stopped reading at "ferocious defense". pretty obvious the writer of this article doesn't watch football.
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On a bright May morning in 2011, coach Al Golden, sporting an orange Miami Hurricanes polo, gripped a Panama hat in his right hand and stomped across the field to address his team for the first time. "You're on a field of champions," boomed Golden, cherubic features tightening. "And we're going to hold you to that standard. You will train like a Cane. Be smart. Be tough. Be disciplined. And work your ass off."
In his three years at the helm of Miami's football team, perhaps no other individual has adhered to this ethos more fervently than 44-year-old Golden. Even after his first season, when the Hurricanes limped to a 6-6 finish — only the third time since 1979 the team didn't notch a winning season — Golden maintained his poise.
During the following season, as the full breadth of Miami football booster Nevin Shapiro's financial misdealings emerged, Golden continued to keep his cool.
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University president Donna Shalala then voluntarily banned the team from two consecutive bowls — games that are vitally important to a football coach's legacy. But again Golden failed to complain: "I'm clearly disappointed," he told ESPN in November 2011. "I believe it's the right decision, and I'm 100 percent behind it... We're one step closer to putting these issues behind us."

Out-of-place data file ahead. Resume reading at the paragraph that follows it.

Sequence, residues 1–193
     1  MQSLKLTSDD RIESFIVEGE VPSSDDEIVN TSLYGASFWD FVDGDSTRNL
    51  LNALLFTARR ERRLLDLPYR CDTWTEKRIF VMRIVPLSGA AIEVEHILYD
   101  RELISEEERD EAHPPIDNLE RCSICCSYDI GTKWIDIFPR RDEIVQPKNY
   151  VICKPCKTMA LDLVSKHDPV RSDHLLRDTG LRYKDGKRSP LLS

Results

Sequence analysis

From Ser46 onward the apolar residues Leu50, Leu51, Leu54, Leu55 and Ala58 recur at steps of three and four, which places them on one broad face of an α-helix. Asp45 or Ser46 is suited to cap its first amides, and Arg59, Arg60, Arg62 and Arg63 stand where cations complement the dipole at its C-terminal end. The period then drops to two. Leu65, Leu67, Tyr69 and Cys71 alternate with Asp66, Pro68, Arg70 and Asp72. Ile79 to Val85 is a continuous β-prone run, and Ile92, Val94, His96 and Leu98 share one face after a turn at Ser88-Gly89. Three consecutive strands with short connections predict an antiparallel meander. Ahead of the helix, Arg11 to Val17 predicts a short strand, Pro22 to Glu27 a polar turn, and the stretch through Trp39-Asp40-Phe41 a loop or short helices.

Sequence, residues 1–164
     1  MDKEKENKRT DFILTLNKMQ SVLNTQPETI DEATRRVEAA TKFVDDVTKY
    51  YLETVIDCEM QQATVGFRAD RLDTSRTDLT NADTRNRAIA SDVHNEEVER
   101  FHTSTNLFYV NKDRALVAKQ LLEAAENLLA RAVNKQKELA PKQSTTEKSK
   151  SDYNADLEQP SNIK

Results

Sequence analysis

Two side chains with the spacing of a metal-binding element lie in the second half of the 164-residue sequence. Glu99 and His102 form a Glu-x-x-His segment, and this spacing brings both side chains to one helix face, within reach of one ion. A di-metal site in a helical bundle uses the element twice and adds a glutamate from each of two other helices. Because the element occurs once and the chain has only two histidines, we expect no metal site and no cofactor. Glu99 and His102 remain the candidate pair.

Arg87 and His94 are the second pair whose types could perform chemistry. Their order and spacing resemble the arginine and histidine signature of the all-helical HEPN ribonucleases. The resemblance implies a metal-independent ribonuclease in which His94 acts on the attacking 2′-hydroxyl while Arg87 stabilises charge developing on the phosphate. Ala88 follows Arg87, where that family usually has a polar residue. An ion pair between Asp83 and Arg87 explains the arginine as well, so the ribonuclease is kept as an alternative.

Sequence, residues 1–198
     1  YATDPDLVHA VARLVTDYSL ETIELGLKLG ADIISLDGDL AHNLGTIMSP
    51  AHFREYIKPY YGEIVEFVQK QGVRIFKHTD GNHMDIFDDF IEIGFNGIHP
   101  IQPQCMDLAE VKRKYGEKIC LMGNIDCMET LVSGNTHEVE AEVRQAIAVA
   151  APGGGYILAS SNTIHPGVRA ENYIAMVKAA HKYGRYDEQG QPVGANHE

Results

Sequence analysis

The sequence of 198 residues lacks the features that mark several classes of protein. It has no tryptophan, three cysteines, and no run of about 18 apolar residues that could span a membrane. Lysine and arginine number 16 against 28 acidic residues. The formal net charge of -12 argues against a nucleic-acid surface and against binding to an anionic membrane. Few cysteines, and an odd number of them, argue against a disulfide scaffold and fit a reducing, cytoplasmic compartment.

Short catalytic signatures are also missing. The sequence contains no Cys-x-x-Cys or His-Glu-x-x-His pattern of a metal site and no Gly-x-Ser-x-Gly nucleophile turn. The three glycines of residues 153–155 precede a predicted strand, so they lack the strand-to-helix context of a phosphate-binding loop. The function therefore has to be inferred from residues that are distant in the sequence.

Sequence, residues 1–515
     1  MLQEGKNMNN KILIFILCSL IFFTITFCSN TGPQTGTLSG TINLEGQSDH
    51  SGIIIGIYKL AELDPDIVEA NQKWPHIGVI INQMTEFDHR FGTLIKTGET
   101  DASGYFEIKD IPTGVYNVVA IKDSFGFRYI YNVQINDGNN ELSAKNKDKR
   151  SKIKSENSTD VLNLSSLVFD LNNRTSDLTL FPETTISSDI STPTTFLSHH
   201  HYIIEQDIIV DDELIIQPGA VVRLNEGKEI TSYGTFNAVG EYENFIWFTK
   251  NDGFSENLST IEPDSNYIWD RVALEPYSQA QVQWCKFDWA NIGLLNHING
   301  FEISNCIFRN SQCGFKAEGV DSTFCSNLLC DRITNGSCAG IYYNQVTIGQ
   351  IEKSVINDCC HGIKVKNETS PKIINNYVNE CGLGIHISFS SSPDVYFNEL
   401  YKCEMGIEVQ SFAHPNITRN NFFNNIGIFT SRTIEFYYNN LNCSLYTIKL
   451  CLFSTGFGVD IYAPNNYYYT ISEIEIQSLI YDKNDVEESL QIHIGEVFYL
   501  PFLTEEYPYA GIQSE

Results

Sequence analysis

Now, after two years, it appears as though Golden and the team have finally moved forward. This football season has served as Miami's re-emergence into relevance. Bolstered by a solid running game and ferocious defense, the Canes surged to a 7-0 start, soaring into the top ten.
Much of the credit belongs to Golden, even if he's as subdued in good times as in bad. "We paid a great price already [because of Shapiro]," the coach says. "A lot of people said it was a slap on the wrist. But this was two bowl games, no ACC championship game... It's been difficult."
Despite this season's successes — and despite the recent losing streak — Golden expresses confidence. With Shapiro receding into obscurity and an era of uncertainty coming to a close, the University of Miami may once again attract the best talent in the nation.